Hugo Neighborhood Association & Historical Society
REPORT: IRR ZONING
Brochure 9 in IRR Series
December 22, 2003
Policy 3, Goal 11, Josephine County Comprehensive Plan
Goal 11, Policy 3.B.(1). This Josephine County Comprehensive Plan (JCCP)1 policy permits requests involving changes for lands from a resource designation (i.e., woodlot resource) to a non-resource designation through the internal rate of return, or IRR procedure.2 The Hugo Neighborhood Association has concerns with the present application of the IRR system in the amendment process.3
Josephine County has 1,040,000 acres of land in 111 soils as defined by the Soil Survey.4 Sixty-seven (67) soils were identified as commercial forest soils (789,816 acres, 76% of Josephine County) and 46 were defined as agricultural lands by the Soil Survey.
The Brown Report2 assigned 56 soils of the countys 111 soils defined by the Soil Survey a forest productivity rating (IRR); 55 soils were not rated by Brown. Twenty-six (26) (57%) of the 46 agricultural soils defined by the Soil Survey and 11 (16%) of the 67 forestry soils were not assigned an IRR rating by Brown.
The Brown Report made a zoning recommen-dation based upon its IRR ratings which was acknowledged as part of the JCCP. Soils below 3.50 IRR are considered unsuitable as forest lands (non-resource lands - JCCP, Goal 11, Policy 3.B.(1)); those with an IRR rating between 3.50 and 3.99 IRR are considered suitable for the Woodlot Resouce zone; and those soils having an IRR greater than 4.00 are considered suitable as commercial forest land.
Results Of IRR Zoning To Forestry Base
The IRR approach does not rate or eliminates 40 soils suitable for the production of commercial trees (Table 6, Soil Survey); they are considered non-resource lands by the county. The IRR approach also eliminates from consideration 26 agricultural soils (Table 5, Soil Survey) as having any forestry productivity potential (calculations not considered in this brochure).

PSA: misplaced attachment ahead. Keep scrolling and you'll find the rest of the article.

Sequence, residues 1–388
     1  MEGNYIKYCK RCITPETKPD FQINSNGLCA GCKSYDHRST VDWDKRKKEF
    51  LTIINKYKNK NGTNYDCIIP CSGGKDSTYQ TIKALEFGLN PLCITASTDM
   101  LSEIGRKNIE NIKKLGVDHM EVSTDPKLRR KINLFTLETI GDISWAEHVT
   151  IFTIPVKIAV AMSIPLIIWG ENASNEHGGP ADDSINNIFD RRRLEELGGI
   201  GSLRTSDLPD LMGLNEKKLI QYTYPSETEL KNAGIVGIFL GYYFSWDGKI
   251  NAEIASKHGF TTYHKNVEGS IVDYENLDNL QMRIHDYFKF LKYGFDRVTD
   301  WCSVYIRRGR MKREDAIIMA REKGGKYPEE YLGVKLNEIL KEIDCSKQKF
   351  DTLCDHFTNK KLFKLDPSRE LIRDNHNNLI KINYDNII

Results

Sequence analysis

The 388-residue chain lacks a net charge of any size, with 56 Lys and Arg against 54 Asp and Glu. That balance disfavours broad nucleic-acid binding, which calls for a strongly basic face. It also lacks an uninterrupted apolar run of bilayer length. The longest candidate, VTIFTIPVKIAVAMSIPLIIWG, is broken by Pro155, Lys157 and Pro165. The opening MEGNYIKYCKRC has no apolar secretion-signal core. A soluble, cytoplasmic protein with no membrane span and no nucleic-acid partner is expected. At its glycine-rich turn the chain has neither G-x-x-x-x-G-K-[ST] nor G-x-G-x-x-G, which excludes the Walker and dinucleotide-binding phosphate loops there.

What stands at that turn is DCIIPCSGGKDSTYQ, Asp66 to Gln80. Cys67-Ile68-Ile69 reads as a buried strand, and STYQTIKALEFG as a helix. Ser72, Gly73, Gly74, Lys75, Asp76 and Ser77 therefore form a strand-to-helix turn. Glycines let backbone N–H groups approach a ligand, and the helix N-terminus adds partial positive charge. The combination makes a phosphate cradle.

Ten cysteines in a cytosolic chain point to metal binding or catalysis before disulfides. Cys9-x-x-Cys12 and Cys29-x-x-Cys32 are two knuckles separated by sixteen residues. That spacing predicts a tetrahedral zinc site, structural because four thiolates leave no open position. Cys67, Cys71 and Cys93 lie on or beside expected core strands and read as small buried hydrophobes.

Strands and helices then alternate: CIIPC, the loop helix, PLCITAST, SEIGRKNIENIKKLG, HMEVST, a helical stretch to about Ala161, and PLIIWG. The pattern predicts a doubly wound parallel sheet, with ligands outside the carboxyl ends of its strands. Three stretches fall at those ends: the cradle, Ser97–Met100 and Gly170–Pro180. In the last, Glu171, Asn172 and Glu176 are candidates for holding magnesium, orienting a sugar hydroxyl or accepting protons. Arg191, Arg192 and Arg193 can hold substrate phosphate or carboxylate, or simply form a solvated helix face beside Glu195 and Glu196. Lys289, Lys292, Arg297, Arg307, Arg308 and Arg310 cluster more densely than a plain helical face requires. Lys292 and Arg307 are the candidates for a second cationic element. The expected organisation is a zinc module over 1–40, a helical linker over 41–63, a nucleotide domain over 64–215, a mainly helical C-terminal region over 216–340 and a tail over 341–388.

The IRR approach identifies 12 soils as suitable for commercial forestry.
It identifies 15 soils suitable for the Woodlot Resource zone for a total of 27 soils with an IRR of 3.5 or greater and suitable for production of commercial trees. The 27 soils cover 373,402 (36 %) acres.
Conceptually, the IRR approach eliminates half of the economic forestry land base in the county - minus 416,414 acres of commercial forest land.
More Information. Would you like to learn more about citizen involvement in land use planning? Contact a member of the Land Use Committee of the Hugo Neighborhood.
Disclaimer. This brochure is as much about providing information and provoking questions as it is about opinions concerning the adequacy of findings of fact and land use decisions. It does not provide recommendations to citizens and it is not legal advice. It does not take the place of a lawyer. If citizens use information contained in this paper, its their personal responsibility to make sure that the facts and general information contained in it are applicable to their situation.(Link)
1. Josephine County. October 2000. The Comprehensive Plan For Josephine County. Grants Pass, OR.
2. Lawrence F. Brown. 1985. Using The Internal Rate Of Return To Rate Forest Soils For Applications In Land Use Planning. Grants Pass, OR.; Michael Snider. 1999. Locational Factors Affecting Woodlot Resource Lands. Josephine County Planning Office. Grants Pass, OR.
3. Hugo Neighborhood Association & Historical Society. 2003. The IRR Series: What Are Resource Lands?, Woodlot Resource To Non-Resource Lands; Evaluation: Internal Rate of Return - IRR; Top IRR Rated Agricultural Lands; Non-rated Soils & IRR System; Quasi-Judicial Amendments, Compliance With Goal 3 - Agricultural Lands, Compliance With Goal 4 - Forest Lands, Brown Report: IRR Zoning, Composite IRR, and IRR. Grants Pass, OR.
4. United States Department of Agriculture. Soil Conservation Service. December 1983. Soil Survey of Josephine County, Oregon. (Presently the Natural Resources Conservation Service).
© 2012 Hugo Neighborhood Association & Historical Society